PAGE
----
Let it go.

September 29, 2015

 

 

Is it time to let go of things we hold on to? What does holding on to pain give us? How can we let it go?

 

I often come across clients who say they want to let go of the past and yet they are not willing to let go.  On delving deeper the reason they hold on to it is because they believe it gives them memories, learnings, security and protection. So what does reminding ourselves of the pain really give us? Have you noticed when we are in an argument and we feel we are at the losing end we rake up the past. Now is that really fair play? It might make us feel self-righteous or the victim but does it really help us move forward?

 

I was working with a client on letting go of the past, as it did not serve her. She wanted to dissociate from it and stop re-living it, yet she was at some level conflicted. She thought revisiting it gave her memories; it made it real and reminded her it did happen. So I asked her a question; "If you cut yourself and it healed, would you need to go and open the wound to make it real?" She argued that we cannot just blank out our memories. Well I'm certainly not asking you to blank them out... I'm asking you to process them and let it go. I'm asking you to look at the experience from the outside, as if you are watching a stage play of yourself and store your learnings from it. What we tend to do is re-live the experience as if it is happening to us now, which it clearly isn't.

 

We often say,  "how could they do this to me, xyz knows me, xyz knows what I want?"  From my personal experience I realize that no matter how well you think you know someone, you never know what they are thinking or what they want. My husband would often say to me, "just tell me what you want, I'm not a mind reader" and I would think he's being rude.  I now totally agree with that, it's better to ask  than assume.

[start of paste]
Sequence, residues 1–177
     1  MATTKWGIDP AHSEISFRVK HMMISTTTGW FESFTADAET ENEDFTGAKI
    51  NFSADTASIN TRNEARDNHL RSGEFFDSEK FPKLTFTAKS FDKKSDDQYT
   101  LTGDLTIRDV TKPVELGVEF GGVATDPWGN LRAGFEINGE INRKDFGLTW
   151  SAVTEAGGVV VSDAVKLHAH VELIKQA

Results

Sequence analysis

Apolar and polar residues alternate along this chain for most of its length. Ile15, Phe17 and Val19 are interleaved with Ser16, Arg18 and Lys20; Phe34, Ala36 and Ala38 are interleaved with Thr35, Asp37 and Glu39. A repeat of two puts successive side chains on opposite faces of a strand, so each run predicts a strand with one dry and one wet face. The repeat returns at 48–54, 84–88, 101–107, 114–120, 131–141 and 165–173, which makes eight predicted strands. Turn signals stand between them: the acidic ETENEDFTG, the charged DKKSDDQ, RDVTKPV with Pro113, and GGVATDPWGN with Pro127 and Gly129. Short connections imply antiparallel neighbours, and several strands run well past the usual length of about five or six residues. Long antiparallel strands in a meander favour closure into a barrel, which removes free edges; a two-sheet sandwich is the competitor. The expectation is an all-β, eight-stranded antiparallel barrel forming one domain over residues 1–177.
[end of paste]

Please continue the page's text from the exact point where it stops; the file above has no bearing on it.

We never know what someone is thinking. All we know is that a person's behavior has to do with how they are feeling. It might have nothing to do with us, its about them. It's about their capabilities of dealing with what's going on in their lives. Every action has a positive intention for the person doing it and not necessarily for the person at the receiving end. When someone says awful things about us, what could their positive intention be? Could it be to feel like they are better than us, or validate them? To loosely quote Robin Sharma - People react out of two emotions, love or fear.  The say or do things because they love you or fear losing you, or losing face or simply not being enough.

 

A client was having problems in her marriage. She has been married nearly 20 years. She insisted that her husband had changed over the years. As we worked more on her relationship, she remembered being hurt by him even on her wedding day. She was running 30 minutes late for the marriage ceremony and he rang her and shouted at her for being late. She was very hurt about being yelled at on her wedding day, which was meant to be the happiest day in her life.  As we spoke more about her husband’s personality she revealed he takes time personally and is always on time.  I then said to her, “He was waiting with hundreds of guests for 30 minutes and his bride to be was not there. So what could have been his positive intention for shouting at you? Could it be respecting other people's time? Or was it to hurt her and ruin her wedding day?” I wrote about superficial truth and deep truth a while back.  According to Neil Bohr, superficial truth is when we believe we are right and the other person is wrong.  Deep truth is acknowledging that we are right and the other person is right too. Could we for a moment step into the other person’s shoes and see what makes them think they are right? She finally let go of that story.

 

Sometimes, letting go means forgiving ourselves as well.  Treating ourselves with kindness and compassion. Accepting that we did the best with the resources we had available to us.  Acknowledging that we are older and more mature now and have better understanding of situations.  Learning from our mistakes instead of living them.

 

We often think that holding on makes us strong but it's letting go that makes us stronger.  We need to let go for ourselves. Resentment keeps us stuck, letting go sets us free. We can't reach in front of us until we let go of what's behind us.

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©Charmaine Pandya www.charmainenlp.com